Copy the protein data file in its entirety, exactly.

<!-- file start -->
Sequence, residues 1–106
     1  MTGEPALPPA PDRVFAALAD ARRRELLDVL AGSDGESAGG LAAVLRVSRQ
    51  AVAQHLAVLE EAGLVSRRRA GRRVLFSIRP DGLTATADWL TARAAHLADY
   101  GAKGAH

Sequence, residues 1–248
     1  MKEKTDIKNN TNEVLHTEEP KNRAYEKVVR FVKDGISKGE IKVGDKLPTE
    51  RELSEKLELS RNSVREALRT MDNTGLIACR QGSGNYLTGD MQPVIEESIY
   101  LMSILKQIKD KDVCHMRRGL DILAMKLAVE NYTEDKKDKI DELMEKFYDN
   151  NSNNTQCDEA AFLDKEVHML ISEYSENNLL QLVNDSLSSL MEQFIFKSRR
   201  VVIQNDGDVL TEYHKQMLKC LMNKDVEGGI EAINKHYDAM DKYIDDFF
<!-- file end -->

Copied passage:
Sequence, residues 1–106
     1  MTGEPALPPA PDRVFAALAD ARRRELLDVL AGSDGESAGG LAAVLRVSRQ
    51  AVAQHLAVLE EAGLVSRRRA GRRVLFSIRP DGLTATADWL TARAAHLADY
   101  GAKGAH

Sequence, residues 1–248
     1  MKEKTDIKNN TNEVLHTEEP KNRAYEKVVR FVKDGISKGE IKVGDKLPTE
    51  RELSEKLELS RNSVREALRT MDNTGLIACR QGSGNYLTGD MQPVIEESIY
   101  LMSILKQIKD KDVCHMRRGL DILAMKLAVE NYTEDKKDKI DELMEKFYDN
   151  NSNNTQCDEA AFLDKEVHML ISEYSENNLL QLVNDSLSSL MEQFIFKSRR
   201  VVIQNDGDVL TEYHKQMLKC LMNKDVEGGI EAINKHYDAM DKYIDDFF